India has amended its foreign direct investment policy on Saturday to restrict the investments of Chinese investors in the country.
For the same, the policy now requires all of India’s neighbouring nations (like China) to seek approval from New Delhi for their future deals in the country.
The move is in line with that of several other countries that are trying to avoid a takeover of their domestic markets by Chinese investors. As for India, several startups have raised capitals from Chinese investors over the last two years, to an estimated amount of around $6 billion. Any further investment from the country’s investors will now be subjected to strict regulation.
The mandate put in place now was earlier only applicable for Pakistan and Bangladesh. Now extending the policies for all neighbouring nations with which India shares a boundary, India’s Department of Promotion of Industry and Internal Trade said it was taking this measure to “curb the opportunistic takeover” of Indian firms by Chinese investors.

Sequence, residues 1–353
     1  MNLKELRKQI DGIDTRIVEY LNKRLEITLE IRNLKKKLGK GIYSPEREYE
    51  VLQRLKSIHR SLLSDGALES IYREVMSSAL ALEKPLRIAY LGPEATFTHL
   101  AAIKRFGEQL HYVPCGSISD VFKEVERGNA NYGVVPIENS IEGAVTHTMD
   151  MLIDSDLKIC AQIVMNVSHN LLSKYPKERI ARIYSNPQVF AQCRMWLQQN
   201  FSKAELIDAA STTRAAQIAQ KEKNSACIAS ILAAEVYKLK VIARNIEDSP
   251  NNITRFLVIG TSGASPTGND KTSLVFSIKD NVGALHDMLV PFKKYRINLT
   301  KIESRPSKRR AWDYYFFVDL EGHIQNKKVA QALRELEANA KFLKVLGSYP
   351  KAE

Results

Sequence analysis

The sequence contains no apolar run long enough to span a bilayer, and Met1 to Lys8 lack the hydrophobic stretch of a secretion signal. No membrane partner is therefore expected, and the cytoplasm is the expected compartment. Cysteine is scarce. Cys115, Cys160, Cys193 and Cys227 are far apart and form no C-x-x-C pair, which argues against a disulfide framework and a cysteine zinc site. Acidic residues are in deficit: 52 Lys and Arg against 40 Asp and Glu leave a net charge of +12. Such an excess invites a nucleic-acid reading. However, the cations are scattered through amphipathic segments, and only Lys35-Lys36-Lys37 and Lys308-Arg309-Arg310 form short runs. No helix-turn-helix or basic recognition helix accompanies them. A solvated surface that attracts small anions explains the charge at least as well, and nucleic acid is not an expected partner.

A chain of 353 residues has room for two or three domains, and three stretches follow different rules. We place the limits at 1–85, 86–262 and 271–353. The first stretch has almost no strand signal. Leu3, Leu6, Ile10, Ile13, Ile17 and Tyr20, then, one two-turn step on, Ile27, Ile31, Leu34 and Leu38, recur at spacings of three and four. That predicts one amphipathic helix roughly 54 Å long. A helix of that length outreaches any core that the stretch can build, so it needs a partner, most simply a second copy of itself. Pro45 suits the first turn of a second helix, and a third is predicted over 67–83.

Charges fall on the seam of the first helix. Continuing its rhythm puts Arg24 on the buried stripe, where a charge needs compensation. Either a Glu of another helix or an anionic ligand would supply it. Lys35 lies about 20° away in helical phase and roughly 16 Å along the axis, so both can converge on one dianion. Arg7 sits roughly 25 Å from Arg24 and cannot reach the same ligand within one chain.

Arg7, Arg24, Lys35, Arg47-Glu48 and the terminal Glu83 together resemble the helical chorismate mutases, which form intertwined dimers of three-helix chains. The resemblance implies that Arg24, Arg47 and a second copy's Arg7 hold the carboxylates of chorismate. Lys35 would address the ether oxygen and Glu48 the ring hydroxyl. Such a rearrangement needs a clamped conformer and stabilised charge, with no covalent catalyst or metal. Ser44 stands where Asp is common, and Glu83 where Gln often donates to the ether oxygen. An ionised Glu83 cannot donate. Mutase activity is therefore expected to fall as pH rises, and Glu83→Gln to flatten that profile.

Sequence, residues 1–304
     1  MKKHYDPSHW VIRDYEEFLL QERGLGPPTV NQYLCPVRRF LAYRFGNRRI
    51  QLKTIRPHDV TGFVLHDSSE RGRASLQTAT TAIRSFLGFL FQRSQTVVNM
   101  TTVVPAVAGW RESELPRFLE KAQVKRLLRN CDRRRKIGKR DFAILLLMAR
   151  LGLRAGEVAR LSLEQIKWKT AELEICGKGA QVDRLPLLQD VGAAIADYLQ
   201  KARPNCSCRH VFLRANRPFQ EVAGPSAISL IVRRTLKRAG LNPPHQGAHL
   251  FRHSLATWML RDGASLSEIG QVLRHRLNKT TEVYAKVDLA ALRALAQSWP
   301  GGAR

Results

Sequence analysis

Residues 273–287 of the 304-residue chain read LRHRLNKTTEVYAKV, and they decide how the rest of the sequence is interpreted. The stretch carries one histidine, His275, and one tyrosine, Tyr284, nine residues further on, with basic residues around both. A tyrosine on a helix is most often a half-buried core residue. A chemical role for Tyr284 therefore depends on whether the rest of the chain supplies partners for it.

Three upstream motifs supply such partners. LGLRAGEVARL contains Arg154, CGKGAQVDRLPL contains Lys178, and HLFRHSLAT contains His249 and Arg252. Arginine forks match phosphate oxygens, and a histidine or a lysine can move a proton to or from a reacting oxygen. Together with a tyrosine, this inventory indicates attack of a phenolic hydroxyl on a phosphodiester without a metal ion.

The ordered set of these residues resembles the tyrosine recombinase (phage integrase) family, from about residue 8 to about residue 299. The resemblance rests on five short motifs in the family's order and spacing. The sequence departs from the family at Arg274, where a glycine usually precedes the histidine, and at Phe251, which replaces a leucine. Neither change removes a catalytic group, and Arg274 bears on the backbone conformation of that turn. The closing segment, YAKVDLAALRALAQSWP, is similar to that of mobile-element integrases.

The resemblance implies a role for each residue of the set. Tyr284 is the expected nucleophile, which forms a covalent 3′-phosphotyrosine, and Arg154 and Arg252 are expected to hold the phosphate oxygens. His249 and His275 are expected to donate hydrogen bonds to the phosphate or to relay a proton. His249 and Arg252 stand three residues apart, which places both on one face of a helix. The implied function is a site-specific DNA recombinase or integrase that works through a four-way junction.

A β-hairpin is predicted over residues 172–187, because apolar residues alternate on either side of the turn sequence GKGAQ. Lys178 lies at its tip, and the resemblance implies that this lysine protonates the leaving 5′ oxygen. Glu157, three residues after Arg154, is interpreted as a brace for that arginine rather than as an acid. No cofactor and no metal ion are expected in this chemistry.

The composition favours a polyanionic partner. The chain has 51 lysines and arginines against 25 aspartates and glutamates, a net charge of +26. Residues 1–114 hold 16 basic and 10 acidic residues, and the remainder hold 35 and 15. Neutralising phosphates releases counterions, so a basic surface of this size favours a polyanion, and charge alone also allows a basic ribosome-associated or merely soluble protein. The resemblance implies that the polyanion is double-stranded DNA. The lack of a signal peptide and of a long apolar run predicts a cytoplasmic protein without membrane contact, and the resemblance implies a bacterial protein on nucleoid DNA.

The decision also takes into account the ongoing restriction on cash flow due to the lockdown across the country to control the spread of Coronavirus. Several start-ups are facing the heat and turning to Chinese investors would easily make them vulnerable to such a takeover.
As per the ministry, the new rule will also be applicable to “the transfer of ownership of any existing or future foreign direct investment in an entity in India, directly or indirectly.”
Some of the notable investors in China are giants like Alibaba and Tencent that have backed firms including Paytm, Flipkart, Zomato and more since long. While many Indian startups might be hoping for the same in such times of crisis, the resulting takeover might not turn out in the best of their interest. The move by the ministry will act as a safeguard against this.